Your paper will be evaluated on the following criteria:
- Understanding of the concept, idea, or issue that you have chosen to investigate; and
- Ability to draw upon, analyze and use the knowledge gained from the research in making an argument;
- Clarity of writing (punctuation, grammar, sentence construction, spelling);
- Formatting and style (use of standard in-text citation and referencing system).
NOLA Mapping Project
Assignment for ENGL 490 – NOLA Divided: Race in the Big Easy
There are two mapping components to this assignment. The first will be an entry into our course’s A Literary Guide to New Orleans site.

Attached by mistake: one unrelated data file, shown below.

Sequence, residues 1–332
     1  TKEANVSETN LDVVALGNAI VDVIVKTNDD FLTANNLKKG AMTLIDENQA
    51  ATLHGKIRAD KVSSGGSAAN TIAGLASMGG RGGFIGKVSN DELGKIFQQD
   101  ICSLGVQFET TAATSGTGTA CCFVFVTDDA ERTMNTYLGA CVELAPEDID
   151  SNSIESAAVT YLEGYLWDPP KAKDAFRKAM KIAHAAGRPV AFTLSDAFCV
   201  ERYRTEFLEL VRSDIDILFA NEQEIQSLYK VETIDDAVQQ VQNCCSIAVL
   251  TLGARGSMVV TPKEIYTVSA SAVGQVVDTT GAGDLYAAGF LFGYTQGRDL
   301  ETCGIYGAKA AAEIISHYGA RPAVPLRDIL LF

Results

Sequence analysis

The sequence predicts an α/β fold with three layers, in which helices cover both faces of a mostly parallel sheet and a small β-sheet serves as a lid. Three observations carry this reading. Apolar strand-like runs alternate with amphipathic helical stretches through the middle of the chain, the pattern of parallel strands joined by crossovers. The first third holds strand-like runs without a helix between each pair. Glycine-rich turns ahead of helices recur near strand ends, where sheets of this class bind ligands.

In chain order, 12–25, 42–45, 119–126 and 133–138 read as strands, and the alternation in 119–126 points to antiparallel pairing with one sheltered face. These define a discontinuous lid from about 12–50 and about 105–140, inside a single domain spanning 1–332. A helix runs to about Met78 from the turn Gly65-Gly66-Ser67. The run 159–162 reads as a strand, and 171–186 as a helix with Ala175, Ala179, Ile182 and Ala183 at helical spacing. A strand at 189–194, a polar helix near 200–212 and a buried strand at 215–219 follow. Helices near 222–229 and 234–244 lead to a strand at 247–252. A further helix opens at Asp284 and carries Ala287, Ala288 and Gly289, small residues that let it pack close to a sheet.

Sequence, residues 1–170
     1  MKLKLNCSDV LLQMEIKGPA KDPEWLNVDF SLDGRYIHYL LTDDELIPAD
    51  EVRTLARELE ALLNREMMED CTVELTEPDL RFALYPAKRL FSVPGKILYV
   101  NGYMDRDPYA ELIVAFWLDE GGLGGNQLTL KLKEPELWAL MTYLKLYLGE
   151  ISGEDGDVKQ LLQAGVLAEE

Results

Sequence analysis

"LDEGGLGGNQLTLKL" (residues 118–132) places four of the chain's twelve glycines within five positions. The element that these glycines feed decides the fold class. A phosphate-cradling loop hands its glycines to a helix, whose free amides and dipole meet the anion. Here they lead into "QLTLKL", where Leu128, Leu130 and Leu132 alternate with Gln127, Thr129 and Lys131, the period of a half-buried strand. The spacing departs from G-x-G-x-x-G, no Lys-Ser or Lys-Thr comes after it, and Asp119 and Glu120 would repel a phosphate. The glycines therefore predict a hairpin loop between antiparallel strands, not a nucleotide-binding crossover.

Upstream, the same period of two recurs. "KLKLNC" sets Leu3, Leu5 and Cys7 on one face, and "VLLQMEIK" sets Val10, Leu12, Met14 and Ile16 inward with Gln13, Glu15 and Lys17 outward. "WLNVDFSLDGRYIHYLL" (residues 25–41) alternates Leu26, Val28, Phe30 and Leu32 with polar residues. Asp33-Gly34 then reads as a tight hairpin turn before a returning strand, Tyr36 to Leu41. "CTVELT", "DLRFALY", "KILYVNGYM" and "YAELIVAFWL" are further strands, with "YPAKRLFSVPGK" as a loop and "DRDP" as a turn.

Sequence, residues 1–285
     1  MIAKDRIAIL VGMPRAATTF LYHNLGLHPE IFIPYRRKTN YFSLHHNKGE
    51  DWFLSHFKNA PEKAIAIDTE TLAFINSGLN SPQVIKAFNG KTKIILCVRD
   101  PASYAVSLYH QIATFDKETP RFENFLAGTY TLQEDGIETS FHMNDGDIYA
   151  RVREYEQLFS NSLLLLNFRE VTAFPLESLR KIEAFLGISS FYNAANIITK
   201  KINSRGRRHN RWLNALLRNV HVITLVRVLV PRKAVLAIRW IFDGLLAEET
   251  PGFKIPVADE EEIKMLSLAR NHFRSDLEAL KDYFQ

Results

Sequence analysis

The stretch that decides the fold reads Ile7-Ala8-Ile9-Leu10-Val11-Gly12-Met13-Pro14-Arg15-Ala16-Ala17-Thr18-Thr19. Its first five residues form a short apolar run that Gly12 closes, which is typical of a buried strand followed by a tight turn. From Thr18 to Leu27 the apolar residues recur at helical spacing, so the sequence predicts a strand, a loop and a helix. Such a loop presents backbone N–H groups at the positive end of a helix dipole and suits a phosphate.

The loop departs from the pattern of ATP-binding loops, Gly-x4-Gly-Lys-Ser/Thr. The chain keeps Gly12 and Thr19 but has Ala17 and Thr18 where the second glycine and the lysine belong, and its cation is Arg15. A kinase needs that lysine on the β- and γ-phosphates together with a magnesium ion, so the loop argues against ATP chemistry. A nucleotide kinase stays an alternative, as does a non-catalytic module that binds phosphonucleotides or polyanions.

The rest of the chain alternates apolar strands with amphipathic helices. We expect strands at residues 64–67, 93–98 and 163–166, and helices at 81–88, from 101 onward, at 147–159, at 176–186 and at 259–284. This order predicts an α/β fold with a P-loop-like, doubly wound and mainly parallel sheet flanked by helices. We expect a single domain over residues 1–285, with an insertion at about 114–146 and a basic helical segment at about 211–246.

This entry should be approximately 4 pages in length and will blend the analysis in your research paper alongside an analysis of your text’s locational significance within New Orleans. We will be using Google Maps, or some other type of GPS-dependent program to affix your entry to a particular point on a digitized map of NOLA. This location can be a particular site (the Lalaurie House), a street (one of the streets on the Mardi Gras route), a neighborhood (The French Quarter), etc. Ideally, your coverage of the text’s locational significance will contextualize the specific history embedded at the site, as well as its contemporary use and/or relevance. Of particular importance is to ensure that your textual analysis and research work cooperatively with the site location analysis. In other words, your textual analysis and research should inform the way you read and understand it as a site during your text’s time period and within contemporary New Orleans. The second mapping entry will use Rebecca Solnit and Rebecca Snedeker’s Unfathomable City: A New Orleans Atlas as a model for an alternative map—in both form and concept—of your literary site. Using your knowledge of this site as the grounding for your design, create a map that conceptualizes and represents the simultaneity of history, community, culture, systems of territorializing power, etc. embedded in this location. Your medium, materials, scale, and means of representation are part of the process of encoding and revealing the place.